A little bit of history
The "Invicta" motto is associated with the story of the Treaty of Swanscombe of 1067.
According to local legend, William the Bastard, (later known as William the Conqueror), having seized the English throne was
traveling to Dover.
William was met by the Cantware (the People of Kent), they demanded from him their ancient laws and rights. These stated that he would have their loyalty, or else "battle most deadly".
William granted the request, and Kent acceded to his reign by treaty, hence getting the motto "Invicta" (unconquered).
Hengest and Horsa
After the Romans left, Britain became a very fragmented country with many small Kingdoms and
fiefdoms. During this time England was being constantly invaded by Vikings and other European races.
In an attempt to stabilise the situation King Vortigern who controlled most of the South of England invited the Jutes (Saxons) led by
Hengest & Horsa to come to England as mercenary soldiers to defend England from these invaders. There was a great deal of treachery which resulted in the Britons going back on the agreement with
Hengest & Horsa and a major battle was fought in 457 AD at or close to Crayford in Kent where history records that some 4000 Britons were killed.
Kent was then divided between the Jutes who settled east of the Medway who were called Men of Kent and the Britons who settled west of the Medway and were called Kentish Men. To this day the division of the county still exists.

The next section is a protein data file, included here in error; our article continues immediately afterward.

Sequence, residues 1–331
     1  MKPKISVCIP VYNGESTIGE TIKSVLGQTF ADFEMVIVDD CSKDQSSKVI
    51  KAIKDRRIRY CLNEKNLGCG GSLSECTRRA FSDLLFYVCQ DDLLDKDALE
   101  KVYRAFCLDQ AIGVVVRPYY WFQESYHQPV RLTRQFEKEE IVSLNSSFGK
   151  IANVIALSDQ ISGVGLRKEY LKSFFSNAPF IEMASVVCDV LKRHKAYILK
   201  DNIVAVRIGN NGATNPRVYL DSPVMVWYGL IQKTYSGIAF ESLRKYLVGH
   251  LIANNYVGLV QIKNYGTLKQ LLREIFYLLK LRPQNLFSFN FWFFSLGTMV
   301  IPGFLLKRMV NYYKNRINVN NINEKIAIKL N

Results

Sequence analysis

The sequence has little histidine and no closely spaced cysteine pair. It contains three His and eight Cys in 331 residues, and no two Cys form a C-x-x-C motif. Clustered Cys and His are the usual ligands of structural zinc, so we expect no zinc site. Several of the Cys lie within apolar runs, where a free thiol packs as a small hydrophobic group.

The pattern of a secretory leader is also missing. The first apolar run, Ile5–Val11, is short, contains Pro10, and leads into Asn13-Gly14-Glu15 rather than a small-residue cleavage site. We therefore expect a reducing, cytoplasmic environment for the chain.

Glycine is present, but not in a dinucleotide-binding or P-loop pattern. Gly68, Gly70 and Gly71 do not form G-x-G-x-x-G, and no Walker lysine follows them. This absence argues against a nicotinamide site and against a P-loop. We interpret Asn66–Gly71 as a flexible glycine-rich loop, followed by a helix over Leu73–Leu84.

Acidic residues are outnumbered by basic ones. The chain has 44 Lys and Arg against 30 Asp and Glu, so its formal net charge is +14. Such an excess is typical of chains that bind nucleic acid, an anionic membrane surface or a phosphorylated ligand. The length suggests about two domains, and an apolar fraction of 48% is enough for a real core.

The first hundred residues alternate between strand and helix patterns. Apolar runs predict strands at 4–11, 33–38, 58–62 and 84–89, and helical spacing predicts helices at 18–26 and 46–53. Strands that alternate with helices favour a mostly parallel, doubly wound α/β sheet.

The people of Kent are now united under the banner of the White Horse. The Horse was the emblem of
Hengest & Horsa).
In modern German and Dutch 'Hengst' and in the Scandinavian languages
'Hingst' is still the word for a stallion, and Horsa Horse.
We had a competition to name two frames and
Cantium was named by one competition winner
The Cantiaci tribe occupied the ancient land of Cantium which comprised the whole of modern Kent, with the eastern parts of Surrey, East Sussex and Greater London. Caesar thought them the most civilized tribe in Britain.
The Capitol of the Cantiaci was Durovernum Cantiacorum which is now
known as Canterbury
second competition winner chose Vortigern
Gwrtheyrn; Old English: Wyrtgeorn; Breton: Guorthigern; Irish:
Foirtchern), also spelled Vortiger and Vortigen, was a 5th-century warlord in Britain, a leading ruler among the Britons. His existence is considered likely, though information about him is shrouded in legend. He may have been the
"superbus tyrannus" said to have invited Hengist and Horsa to aid him in fighting the Picts and the Scots. But they revolted, killing his son in the process and adding Sussex and Essex to their own kingdom. It is said that he took refuge in north Wales, and that his grave is in Dyfed or the Llŷn Peninsula. He is cited at the head of the genealogy of the early Kings of
Rowena is first mentioned in the 9th-century Latin Historia Brittonum (traditionally attributed to Nennius) as the lovely unnamed daughter of the Saxon Hengist. Following his and his brother Horsa's arrival at Ynys Ruym (modern Thanet), Hengist negotiates with the British High King Vortigern for more land. At her father's orders, Rowena gets Vortigern drunk at a feast, and he is so enchanted by her that he agrees to give her father whatever he wants in exchange for permission to marry her (the fate of Vortigern's first wife, Sevira, daughter of Magnus Maximus, is not specified). The text makes clear that the British king's lust for a pagan woman is a prompting by the Devil. Hengist demands the Kingdom of Kent, which Vortigern foolishly grants him. This agreement proves disastrous for the Britons and allows the Saxons to strengthen their foothold in Britain considerably.